They play several games until he realizes how late it is. The Brasses are due to be back, and he needs to leave before they return. He asks Marchioness if they go out often, which she confirms. She tells him that Mr. Brass would never do anything without consulting his sister first.
Dicks asks if she overhears what they say about other people—like himself. Marchioness nods. He asks if they talk about him—and if it is positive. Marchioness tells him that they think he is funny, but that he can’t be trusted. She tells him never to reveal what she has said, or she’ll be beaten to death.
He assumes she must spy a lot to overhear as much as she does. She admits that she is trying to find out where Sally hides the key to the food lockers. She wants to be able to satisfy her hunger. He goes home, thinking about how clever Marchioness is—and whether she is doomed to the fate she is living.
He thinks about Sophia Wackles, now Mrs. Cheggs, playing games in the evening. He imagines that by now her heart is turning cold, and he thinks it serves her right. He plays his flute. He practices the same song over and over, driving his neighbors crazy. The next day his landlady gives him a notice to quit.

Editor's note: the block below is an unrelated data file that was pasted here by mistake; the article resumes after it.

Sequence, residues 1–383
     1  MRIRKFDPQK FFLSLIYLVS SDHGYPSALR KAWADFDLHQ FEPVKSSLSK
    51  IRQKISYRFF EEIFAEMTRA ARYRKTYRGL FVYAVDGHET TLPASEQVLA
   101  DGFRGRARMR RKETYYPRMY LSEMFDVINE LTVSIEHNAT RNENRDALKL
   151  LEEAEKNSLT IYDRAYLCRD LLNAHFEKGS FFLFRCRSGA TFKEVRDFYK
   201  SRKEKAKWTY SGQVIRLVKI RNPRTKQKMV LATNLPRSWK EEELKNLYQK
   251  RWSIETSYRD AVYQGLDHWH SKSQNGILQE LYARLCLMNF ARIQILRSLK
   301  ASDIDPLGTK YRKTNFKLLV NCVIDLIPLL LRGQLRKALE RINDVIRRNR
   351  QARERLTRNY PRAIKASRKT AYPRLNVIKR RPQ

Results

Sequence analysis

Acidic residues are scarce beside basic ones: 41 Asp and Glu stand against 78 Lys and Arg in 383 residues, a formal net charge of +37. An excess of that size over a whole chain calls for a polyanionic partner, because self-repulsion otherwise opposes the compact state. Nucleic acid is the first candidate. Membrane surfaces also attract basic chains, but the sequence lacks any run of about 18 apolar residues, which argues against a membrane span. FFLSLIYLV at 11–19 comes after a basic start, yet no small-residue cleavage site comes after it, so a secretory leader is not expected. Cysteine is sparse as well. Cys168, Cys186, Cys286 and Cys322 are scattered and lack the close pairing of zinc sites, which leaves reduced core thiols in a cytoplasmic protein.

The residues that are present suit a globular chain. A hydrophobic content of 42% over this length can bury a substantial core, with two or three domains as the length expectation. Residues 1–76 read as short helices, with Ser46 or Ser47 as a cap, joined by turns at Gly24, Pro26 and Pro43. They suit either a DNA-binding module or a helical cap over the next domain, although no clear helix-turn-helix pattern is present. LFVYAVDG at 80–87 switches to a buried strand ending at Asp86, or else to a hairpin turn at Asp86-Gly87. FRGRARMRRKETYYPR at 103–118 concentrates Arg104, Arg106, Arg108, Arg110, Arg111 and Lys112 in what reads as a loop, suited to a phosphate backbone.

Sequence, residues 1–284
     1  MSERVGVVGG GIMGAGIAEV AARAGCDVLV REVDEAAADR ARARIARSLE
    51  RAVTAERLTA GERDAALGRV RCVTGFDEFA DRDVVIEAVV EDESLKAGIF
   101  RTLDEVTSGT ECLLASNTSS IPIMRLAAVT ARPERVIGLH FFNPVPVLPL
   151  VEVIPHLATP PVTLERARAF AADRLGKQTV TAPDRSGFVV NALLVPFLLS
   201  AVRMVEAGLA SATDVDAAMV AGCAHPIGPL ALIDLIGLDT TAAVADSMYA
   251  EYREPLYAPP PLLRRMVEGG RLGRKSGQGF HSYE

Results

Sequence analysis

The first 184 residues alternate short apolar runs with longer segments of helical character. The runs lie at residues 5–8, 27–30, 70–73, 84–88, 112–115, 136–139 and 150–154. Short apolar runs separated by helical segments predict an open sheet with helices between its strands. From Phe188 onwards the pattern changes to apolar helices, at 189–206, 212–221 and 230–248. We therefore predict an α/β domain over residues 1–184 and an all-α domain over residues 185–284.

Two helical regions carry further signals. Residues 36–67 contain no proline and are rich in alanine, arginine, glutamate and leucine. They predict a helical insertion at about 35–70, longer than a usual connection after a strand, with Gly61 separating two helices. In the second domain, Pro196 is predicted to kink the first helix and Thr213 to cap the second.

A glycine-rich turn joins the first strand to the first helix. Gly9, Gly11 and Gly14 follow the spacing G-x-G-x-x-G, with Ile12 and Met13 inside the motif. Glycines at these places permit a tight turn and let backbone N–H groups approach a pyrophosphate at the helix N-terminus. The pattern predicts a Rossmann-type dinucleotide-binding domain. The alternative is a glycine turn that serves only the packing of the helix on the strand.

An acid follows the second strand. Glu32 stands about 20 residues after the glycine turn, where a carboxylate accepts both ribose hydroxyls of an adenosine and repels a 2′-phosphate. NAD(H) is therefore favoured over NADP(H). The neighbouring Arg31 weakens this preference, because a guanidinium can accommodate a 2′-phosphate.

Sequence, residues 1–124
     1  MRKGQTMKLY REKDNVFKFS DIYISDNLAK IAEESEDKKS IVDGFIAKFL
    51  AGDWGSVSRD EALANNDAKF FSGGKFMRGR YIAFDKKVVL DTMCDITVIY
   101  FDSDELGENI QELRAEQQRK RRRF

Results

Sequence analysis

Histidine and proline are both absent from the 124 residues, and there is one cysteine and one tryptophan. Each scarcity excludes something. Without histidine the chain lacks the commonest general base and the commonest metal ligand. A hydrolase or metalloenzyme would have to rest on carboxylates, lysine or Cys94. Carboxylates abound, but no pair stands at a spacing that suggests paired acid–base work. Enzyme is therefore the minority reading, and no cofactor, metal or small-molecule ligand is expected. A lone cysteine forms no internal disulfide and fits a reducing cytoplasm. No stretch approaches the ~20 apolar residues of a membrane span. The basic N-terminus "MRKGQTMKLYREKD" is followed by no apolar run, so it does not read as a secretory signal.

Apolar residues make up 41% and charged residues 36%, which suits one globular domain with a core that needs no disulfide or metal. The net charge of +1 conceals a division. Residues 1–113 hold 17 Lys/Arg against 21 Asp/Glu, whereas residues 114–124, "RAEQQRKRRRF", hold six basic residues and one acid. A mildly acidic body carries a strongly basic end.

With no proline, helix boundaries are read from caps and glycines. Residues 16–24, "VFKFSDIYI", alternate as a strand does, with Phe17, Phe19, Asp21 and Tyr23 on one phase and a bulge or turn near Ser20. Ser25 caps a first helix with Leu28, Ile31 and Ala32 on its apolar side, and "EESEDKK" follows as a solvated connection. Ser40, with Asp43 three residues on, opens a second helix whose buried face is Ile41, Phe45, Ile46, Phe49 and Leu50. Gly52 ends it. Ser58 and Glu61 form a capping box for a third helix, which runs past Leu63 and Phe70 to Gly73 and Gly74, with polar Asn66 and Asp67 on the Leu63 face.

He goes to the office to find Sally there. She asks if he’s seen a silver pencil case. She comments on how several things have gone missing in the last week: a knife, the pencil case, and some money. She asks if he is missing anything. He fears that the Marchioness is guilty and that she is done for.
Sally has Dick tell Sampson about the missing items. Sampson also admits he is missing money. Dick is relieved to realize they don’t suspect him, though he fears for the Marchioness. Sally then mentions that Kit has had the opportunity to take the stuff, and he must be the thief.
At that moment, Kit arrives to see Mr. Marks. Sampson scorns the idea that it could be Kit. He sends Dick on an errand.